It used to be that playing a video game with a friend meant a human being, with whom you shared some sort of emotional connection, physically came to your home, took up a controller and played alternating rounds of Super Mario Bros.
Then games like Contra and Ikari Warriors came out, and playing a game together went beyond competing against one another, such as in a boxing or baseball sim. You would mash in the ol' up-up-down-down code and blast aliens for an hour or so.
I remember what was particularly compelling about those kinds of things was the chatter that went on outside the game, the extraneous back-and-forth on the couch that made gaming feel like a communal experience.
But I'm dating myself, for online gaming has taken hold of our culture so much that the days of having to be at another person's physical location are so obsolete, many new titles are dependent on you needing several friends in several locations simply to play them.
Two of the most recent — SOCOM: Confrontation for the PS3 and Left 4 Dead for the 360 — focus so much on multiplayer that there's not much of a solo campaign to even experience.
SOCOM has faltered a bit, thanks to the widely reported server problems at launch on Oct. 14, but patches and DLC in the future should soothe any flared tempers in that regard. The very fact the game lets you play as one of several allied special forces units like the SAS or French paratroopers is enough to keep military buffs happy until they fix those issues (and SOCOM is too storied a franchise to not fix).
But Left 4 Dead, Valve's latest creation arriving in stores today, shows quite a bit of promise, for two reasons:
1) It takes the stale premises of 4-player co-op FPSing and zombie flicks and jams them together for a harrowing experience, and
2) It marks a return to simplicity in gaming that I — and many other gamers, I suspect — have been waiting for.
The premise is simple and relatively unexplained: an infection of some sort has ravaged your surroundings and you and three other characters must escape.
I've seen it a hundred times before, played it a hundred times before, but yet, with the whimpers and coughs and eventual shouts and screams, it's a zombie movie made real. Better than Resident Evil because of the speed and chaos, better than House of the Dead because of the freedom and freneticism, this is what it would be like if Valve had made a 28 Days Later video game. (We'll have to see if it ends up having SOCOM's server problems.)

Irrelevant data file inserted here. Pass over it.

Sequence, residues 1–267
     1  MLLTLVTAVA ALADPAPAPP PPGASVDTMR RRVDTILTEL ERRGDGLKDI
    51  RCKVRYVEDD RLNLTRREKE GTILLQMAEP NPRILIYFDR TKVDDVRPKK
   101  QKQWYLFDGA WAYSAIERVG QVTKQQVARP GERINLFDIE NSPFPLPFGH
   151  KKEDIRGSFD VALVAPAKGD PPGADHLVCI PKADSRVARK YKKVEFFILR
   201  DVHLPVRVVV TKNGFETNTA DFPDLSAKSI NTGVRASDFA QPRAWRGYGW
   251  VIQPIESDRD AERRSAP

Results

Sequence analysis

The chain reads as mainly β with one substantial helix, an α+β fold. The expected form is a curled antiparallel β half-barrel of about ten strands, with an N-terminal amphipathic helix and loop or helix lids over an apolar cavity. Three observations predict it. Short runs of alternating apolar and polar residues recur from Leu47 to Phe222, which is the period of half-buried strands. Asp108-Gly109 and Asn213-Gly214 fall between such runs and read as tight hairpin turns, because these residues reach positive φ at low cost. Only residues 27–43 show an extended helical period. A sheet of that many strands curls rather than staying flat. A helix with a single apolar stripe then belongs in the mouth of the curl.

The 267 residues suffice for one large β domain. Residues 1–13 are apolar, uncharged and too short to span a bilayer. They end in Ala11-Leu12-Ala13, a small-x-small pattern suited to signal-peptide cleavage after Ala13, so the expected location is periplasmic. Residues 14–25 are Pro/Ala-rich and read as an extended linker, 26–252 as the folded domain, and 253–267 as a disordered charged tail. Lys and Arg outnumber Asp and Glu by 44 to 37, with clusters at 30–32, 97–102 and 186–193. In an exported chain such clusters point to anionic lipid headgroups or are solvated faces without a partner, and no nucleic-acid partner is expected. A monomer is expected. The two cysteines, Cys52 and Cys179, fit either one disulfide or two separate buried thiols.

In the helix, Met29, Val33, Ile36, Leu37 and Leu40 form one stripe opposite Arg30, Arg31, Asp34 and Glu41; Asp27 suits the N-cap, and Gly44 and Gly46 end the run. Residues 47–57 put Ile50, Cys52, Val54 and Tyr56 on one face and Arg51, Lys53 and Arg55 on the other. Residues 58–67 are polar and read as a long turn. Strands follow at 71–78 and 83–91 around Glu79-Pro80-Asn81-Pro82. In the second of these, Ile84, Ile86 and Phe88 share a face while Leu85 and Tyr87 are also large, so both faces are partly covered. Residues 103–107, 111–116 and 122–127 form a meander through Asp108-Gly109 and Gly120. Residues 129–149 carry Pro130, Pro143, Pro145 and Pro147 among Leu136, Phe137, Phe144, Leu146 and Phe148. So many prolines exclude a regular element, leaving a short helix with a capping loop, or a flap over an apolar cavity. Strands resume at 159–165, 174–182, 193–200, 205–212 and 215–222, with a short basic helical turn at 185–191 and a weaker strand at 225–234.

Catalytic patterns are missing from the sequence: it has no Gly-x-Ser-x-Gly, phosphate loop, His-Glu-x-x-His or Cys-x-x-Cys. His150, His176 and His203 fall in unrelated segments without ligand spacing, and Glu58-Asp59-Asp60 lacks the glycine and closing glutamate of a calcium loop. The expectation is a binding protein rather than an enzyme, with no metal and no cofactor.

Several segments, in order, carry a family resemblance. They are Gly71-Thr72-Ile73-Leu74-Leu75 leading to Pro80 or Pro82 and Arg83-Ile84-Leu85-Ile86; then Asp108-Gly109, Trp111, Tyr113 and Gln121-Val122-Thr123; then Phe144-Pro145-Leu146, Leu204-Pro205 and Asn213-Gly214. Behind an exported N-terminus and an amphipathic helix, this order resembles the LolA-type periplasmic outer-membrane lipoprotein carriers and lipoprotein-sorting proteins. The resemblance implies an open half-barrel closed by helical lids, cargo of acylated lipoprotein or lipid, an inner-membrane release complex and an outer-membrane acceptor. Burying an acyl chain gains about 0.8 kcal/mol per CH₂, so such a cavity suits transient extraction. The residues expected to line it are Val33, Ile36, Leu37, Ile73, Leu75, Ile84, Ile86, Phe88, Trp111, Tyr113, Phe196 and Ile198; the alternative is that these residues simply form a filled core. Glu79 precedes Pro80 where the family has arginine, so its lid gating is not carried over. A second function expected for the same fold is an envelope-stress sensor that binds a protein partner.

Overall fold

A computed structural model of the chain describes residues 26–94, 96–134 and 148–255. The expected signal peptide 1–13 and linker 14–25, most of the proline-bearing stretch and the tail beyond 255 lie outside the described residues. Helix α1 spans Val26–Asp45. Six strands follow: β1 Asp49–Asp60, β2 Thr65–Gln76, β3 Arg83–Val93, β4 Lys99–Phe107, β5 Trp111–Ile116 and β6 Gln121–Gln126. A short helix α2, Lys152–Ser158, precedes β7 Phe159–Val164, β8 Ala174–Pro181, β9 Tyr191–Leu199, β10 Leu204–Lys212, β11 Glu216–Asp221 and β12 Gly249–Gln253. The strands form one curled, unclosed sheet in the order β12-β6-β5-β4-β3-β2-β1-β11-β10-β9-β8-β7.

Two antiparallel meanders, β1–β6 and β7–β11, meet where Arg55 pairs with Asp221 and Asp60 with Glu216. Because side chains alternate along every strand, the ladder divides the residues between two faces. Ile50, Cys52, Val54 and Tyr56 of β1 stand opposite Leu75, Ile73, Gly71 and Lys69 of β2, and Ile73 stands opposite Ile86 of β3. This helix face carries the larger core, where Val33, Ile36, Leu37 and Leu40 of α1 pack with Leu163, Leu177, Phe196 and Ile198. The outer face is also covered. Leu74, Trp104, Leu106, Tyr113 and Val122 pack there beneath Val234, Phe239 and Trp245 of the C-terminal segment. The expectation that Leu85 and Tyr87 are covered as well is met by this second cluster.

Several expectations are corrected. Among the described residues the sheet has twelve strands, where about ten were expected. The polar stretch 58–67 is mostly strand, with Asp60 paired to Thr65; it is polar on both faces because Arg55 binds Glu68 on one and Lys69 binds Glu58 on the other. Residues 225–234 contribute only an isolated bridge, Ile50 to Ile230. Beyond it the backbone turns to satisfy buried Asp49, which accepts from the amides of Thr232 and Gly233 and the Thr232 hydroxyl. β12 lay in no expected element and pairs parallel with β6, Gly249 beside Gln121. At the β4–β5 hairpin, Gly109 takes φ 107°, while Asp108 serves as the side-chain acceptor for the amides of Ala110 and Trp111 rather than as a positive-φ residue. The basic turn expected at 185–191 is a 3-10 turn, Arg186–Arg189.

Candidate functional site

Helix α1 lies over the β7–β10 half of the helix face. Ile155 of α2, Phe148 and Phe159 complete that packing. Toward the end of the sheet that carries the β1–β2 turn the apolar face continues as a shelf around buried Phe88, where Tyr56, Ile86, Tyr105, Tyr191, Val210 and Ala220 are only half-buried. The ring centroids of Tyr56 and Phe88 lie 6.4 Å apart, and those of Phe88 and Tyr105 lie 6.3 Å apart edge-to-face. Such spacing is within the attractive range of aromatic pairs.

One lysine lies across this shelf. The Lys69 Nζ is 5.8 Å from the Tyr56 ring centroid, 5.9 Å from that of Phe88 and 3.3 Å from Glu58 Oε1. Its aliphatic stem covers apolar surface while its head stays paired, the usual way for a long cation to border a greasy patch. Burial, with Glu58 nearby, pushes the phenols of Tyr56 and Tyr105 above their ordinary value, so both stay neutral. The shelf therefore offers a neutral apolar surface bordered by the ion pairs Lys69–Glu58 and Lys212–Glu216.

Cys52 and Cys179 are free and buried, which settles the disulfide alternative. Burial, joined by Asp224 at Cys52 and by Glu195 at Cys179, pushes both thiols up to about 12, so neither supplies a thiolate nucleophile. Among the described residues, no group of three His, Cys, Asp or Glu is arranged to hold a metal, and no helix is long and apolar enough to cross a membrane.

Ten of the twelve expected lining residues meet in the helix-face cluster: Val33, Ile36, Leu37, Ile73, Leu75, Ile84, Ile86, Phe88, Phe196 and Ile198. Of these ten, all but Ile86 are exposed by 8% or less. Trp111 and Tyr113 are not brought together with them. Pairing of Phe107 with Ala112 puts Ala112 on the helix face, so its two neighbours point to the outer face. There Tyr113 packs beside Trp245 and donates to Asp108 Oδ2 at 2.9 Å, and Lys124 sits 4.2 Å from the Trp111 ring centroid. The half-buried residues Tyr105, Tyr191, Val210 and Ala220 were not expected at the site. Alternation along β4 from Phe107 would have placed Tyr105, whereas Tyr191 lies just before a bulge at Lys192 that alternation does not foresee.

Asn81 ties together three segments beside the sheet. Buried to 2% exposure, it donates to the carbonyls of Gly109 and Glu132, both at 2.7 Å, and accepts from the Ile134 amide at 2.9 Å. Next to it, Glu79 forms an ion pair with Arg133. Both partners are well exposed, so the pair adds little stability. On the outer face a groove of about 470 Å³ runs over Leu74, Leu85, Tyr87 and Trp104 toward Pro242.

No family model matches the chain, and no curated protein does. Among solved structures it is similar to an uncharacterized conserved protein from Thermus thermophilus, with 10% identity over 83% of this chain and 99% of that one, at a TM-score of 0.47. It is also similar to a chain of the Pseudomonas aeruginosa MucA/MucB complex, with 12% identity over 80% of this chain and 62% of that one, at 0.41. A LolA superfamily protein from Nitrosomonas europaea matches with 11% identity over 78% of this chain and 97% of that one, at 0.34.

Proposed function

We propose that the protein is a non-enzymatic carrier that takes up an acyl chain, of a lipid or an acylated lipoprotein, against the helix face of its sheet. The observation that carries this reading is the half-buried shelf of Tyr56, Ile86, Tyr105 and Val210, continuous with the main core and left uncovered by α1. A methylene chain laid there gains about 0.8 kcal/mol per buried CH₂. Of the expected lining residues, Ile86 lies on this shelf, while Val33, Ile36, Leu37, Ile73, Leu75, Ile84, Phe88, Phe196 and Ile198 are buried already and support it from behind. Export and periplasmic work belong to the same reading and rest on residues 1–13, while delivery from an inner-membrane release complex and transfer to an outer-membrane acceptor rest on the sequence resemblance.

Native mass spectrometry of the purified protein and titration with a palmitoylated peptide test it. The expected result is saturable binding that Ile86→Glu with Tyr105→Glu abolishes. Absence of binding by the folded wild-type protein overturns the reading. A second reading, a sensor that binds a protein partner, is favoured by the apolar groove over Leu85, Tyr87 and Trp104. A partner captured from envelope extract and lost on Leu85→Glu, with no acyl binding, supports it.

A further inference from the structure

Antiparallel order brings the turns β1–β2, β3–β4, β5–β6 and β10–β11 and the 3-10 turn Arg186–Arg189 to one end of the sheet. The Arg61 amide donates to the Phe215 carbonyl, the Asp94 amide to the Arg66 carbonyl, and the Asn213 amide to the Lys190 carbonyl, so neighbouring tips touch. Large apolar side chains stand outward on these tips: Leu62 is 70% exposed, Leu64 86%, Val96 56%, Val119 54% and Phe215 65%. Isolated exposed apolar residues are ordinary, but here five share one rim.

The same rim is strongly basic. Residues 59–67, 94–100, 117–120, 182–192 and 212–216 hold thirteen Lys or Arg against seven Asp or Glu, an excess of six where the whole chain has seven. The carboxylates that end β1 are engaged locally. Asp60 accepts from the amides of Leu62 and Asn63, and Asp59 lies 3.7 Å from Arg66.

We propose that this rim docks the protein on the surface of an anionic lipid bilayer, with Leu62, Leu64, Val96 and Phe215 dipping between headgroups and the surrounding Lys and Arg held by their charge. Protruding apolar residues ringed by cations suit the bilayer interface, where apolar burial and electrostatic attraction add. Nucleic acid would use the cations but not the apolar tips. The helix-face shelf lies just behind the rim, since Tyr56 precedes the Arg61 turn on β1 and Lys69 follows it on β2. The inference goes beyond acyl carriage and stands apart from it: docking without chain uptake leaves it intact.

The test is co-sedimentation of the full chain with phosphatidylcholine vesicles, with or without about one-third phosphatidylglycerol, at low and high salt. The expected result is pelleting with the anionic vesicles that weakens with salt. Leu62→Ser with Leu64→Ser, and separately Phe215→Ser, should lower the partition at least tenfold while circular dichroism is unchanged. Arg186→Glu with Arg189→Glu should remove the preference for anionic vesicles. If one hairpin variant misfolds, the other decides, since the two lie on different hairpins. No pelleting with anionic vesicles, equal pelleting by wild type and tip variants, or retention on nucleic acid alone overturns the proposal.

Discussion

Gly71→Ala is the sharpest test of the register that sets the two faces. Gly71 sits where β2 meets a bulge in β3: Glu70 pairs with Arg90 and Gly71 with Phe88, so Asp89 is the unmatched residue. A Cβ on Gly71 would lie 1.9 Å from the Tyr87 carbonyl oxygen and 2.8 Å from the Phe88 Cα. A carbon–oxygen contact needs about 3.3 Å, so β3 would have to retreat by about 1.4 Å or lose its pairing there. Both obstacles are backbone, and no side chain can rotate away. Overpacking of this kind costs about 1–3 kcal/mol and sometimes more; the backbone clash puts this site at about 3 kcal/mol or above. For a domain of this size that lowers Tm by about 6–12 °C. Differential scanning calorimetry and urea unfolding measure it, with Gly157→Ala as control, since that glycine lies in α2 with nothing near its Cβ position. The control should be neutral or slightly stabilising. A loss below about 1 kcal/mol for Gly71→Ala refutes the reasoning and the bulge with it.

And the best part, besides putting the prototypical 21st century "fast zombies" to good use, is that the action really only requires two button presses at any one time. Med kits, flashlights and the like are there, but all you need is trigger and reload. Oh, where was this development team when BioShock was coming out?
But the interesting turn in all this is making the game so you can't play through it without your friends. There are the same missions with three bots, but this just isn't the same when you're depending on the AI.
There's something about the cacophony of gunfire and listening to your friends shout over your headset that can make the game even tenser than if your cohorts were in the room with you. There's a detachment there provided by the technology that magically combines the frightful, solitary experience of sitting on your couch in the dark blasting zombies with the intense, hair-trigger insanity of being overwhelmed by monsters as people you might actually know shout to run or duck or come back and help as you run away from the fight. And don't forget the friendly fire.
I've played enough Gears of War and Halo multiplayer that ironing out strategy and tactics for death matches is no big deal. But Left 4 Dead manages to make you feel like your team has actually accomplished something strictly by playing through the campaign scenarios together. Huddling into a safehouse as the horde crashes into the door makes you want to actually reach out to try to swing the door closed.
But since you also can play as the zombies in a different matchup, preventing the team from reaching the safehouse can be just as important. And in that lies the games potential longevity.
Well, that, and the sheer, gory fun of blowing off zombie heads with a shotgun.
— Joshua Gillin writes about video games and entertainment news for tbt*. Feel free to challenge his opinions at firstname.lastname@example.org.